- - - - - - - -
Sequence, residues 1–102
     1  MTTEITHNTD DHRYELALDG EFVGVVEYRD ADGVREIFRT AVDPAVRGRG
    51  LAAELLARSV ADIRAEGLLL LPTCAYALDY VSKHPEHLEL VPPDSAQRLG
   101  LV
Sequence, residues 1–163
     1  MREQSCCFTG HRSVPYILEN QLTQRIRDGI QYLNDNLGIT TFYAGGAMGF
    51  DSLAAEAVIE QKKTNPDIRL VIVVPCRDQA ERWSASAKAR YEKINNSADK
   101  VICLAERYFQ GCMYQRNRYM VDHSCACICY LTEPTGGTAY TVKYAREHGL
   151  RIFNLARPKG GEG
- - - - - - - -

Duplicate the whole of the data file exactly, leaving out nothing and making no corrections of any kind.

Sequence, residues 1–102
     1  MTTEITHNTD DHRYELALDG EFVGVVEYRD ADGVREIFRT AVDPAVRGRG
    51  LAAELLARSV ADIRAEGLLL LPTCAYALDY VSKHPEHLEL VPPDSAQRLG
   101  LV
Sequence, residues 1–163
     1  MREQSCCFTG HRSVPYILEN QLTQRIRDGI QYLNDNLGIT TFYAGGAMGF
    51  DSLAAEAVIE QKKTNPDIRL VIVVPCRDQA ERWSASAKAR YEKINNSADK
   101  VICLAERYFQ GCMYQRNRYM VDHSCACICY LTEPTGGTAY TVKYAREHGL
   151  RIFNLARPKG GEG